In India, the building industry – commercial and residential - accounts for almost 34 percent of the country’s total energy consumption, making it one of the largest emitters of greenhouse gases. Certified green buildings in India already make energy savings of 15-20 percent compared to conventional buildings.

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Find out how the Bureau of Energy Efficiency and UNDP India are partnering promote the Energy Conservation Building Code (ECBC) and embracing energy efficient technologies — such as in the brick industry — making buildings more economical in the long run through cost savings on utilities.

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If we are to keep the promise of the Paris Agreement and limit the rise of global temperatures to 1.5 degree Celsius from pre-industrial levels, cities will have to increasingly move to renewable energy sources.

That means moving from fossil fuels to renewables like wind and solar to power our homes and offices, our factories and trains, and even our cars. India has committed to adding 100 gigawatt of solar and 60 GW of wind capacity by 2022 — an ambitious yet necessary goal.

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Indian cities can play a key role in the clean energy revolution. With millions of rooftops suitable for solar panels, and a climate that is conducive to solar energy, they have the potential to reap tremendous benefits from solar energy.

Solar power can allow cities to curb emissions that contribute to global warming, become more resilient to severe weather, help residents stabilize their energy bills, and improve public health through reduced air pollution.

Watch how Jharkhand and Manipur, two states in the eastern part of India, are increasing their solar footprints with UNDP.

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Resilience is more than just a buzzword; it reflects a city’s ability to persevere in the face of hardship and emergency, to continue its core activities despite daunting challenges.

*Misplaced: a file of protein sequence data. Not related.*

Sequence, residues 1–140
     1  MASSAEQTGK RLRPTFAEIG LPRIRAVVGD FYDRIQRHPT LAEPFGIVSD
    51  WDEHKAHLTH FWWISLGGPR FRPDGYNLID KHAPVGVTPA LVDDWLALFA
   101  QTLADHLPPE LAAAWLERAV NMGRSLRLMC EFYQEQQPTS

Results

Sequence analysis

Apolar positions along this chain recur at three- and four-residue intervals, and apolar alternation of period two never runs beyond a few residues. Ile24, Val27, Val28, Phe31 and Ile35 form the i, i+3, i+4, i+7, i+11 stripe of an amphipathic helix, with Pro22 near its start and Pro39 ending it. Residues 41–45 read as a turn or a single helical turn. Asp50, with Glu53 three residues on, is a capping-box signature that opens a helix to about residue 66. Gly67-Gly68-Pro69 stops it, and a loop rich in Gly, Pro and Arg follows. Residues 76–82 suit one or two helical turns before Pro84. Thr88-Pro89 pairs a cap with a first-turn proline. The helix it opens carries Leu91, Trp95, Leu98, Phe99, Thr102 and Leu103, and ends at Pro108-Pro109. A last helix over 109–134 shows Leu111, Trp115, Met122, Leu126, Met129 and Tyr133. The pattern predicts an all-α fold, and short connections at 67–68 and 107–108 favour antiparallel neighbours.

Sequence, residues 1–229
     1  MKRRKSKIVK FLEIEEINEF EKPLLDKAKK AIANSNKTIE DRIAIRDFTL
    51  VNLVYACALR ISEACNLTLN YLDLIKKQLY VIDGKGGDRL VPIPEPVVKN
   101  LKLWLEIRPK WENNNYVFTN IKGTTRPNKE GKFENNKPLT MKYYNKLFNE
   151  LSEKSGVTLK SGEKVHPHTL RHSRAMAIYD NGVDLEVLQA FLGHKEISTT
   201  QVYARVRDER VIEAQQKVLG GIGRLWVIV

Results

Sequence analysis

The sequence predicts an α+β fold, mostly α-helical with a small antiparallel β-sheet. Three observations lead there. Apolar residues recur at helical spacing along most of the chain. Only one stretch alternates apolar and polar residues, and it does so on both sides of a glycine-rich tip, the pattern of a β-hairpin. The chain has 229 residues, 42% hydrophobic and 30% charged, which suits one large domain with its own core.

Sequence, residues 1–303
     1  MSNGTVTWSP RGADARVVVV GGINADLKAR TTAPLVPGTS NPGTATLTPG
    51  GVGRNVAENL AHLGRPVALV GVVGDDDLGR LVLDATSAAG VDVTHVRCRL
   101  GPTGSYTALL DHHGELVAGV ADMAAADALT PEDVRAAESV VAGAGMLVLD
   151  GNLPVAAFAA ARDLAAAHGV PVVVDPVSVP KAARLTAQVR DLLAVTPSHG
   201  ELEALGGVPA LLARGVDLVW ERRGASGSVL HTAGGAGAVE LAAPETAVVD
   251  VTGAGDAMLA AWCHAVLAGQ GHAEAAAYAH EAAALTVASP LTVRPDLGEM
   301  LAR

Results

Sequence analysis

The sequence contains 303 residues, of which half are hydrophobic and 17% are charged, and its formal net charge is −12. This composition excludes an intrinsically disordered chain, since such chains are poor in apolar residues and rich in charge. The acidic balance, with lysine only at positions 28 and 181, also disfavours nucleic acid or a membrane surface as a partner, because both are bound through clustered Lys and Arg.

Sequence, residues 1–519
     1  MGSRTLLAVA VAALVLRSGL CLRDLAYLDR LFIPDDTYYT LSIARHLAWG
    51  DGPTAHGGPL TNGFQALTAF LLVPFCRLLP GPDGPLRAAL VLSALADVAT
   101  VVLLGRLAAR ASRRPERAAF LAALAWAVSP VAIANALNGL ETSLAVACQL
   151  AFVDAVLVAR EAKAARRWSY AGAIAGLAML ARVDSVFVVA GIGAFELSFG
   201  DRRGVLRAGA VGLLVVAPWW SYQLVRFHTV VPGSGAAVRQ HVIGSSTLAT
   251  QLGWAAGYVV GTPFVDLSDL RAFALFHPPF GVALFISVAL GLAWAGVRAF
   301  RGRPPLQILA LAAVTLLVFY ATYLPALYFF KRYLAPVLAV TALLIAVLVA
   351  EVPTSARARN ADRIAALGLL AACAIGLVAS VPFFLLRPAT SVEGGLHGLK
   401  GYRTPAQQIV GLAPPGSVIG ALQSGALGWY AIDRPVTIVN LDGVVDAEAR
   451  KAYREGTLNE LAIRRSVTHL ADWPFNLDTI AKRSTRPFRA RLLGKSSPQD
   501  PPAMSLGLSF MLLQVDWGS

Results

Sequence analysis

But resilience is not just about bouncing back from the shocks — earthquakes, fires, floods —but planning for the everyday stresses, like high unemployment, an inefficient public transport system, or an unresponsive local government.

By using a resilience lens, a city is better able to deliver basic services to all, in good times and bad.

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Leadership at the local level is important to drive a culture of resilience from the top down. Resilient cities must have a municipal government that recognizes basic rights and welcomes citizen engagement. Participatory budgeting, monitoring, and planning are all good ways for citizens to connect with government and start to be heard

That’s why UNDP has partnered with the cities of Navi Mumbai, Shimla, Shillong, Cuttack, Vijayawada and Vishakhapatnam to enable better disaster risk management.

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They can accommodate a growing demand for jobs; guarantee social inclusion; provide accessible infrastructure; create systems to level the playing field by ensuring protection and effective and equitable service delivery mechanisms for women, migrants, people with disabilities, and other vulnerable population groups.

To learn more about sustainable cities and some of the exciting work underway to build green urban futures, visit www.in.undp.org